A One-Two Punch to American Online Video Marketers

So for five weeks including all of October and that first week of November, you might just tell your online marketing and advertising teams to...take a break and aim for more ad placements the day after the election. This will be especially true if you're an SMB on a shoestring budget because you might not be able to handle the stress that the potential rise in prices could cause. It might even be best to make a strong push at the end of September and the lay low until after the election dust has settled.

For everyone else in the industry, like the campaign video producers, the actors who take on the roles of ordinary people in campaign videos trying to fool the voters into believing lies (yes, I said it), the video advertising networks, the major premium content providers... chum the waters, the piranha are coming to chew through your inventory. NOM NOM NOM!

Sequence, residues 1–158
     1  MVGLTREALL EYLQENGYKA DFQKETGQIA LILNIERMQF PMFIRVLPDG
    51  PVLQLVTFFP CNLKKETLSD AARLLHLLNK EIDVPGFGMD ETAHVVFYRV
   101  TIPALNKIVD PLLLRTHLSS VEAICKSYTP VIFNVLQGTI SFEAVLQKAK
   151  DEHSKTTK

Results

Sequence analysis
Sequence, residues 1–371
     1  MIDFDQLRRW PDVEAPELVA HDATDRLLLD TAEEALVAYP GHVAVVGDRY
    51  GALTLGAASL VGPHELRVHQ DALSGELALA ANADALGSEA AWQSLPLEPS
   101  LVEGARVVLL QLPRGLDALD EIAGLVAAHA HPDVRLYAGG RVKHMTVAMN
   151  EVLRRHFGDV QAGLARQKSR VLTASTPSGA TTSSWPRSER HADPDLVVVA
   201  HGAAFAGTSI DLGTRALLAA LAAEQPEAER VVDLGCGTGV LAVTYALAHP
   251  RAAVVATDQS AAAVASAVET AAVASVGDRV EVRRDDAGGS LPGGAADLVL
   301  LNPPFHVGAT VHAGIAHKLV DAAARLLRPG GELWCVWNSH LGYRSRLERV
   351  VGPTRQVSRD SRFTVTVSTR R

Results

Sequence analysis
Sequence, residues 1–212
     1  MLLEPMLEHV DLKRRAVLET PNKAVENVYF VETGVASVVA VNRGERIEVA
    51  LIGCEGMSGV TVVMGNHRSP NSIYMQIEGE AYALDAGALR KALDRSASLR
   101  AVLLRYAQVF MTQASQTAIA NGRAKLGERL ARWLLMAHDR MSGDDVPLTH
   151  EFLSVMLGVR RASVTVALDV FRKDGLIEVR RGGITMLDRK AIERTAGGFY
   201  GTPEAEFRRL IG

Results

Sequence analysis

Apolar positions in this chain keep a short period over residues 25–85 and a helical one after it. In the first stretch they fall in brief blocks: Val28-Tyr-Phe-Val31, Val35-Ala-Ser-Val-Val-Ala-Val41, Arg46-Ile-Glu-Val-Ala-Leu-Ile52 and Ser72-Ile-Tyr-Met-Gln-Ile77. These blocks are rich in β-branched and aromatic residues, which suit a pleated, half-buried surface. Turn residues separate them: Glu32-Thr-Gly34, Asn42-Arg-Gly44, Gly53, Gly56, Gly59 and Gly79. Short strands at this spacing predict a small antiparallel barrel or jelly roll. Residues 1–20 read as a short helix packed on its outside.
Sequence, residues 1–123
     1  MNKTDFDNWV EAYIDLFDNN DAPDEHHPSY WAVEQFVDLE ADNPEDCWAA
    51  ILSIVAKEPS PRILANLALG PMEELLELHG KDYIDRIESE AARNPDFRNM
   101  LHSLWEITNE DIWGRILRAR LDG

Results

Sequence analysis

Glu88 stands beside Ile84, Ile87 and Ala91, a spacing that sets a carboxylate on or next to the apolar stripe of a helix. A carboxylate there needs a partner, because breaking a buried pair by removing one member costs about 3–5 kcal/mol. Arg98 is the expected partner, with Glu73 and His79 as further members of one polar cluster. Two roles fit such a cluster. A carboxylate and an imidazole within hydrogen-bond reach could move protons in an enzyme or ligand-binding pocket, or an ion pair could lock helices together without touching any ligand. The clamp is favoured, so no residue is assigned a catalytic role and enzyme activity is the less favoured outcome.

Check out the full report at Mixpo.

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About the Author -
Christophor Rick is a freelance writer specializing in technology, new media, video games, IPTV, online video advertising and consumer electronics. His past work has included press releases, copy-writing, travel writing and journalism. He also writes novel-length and short fiction as part of Three-Faced Media . View All Posts By -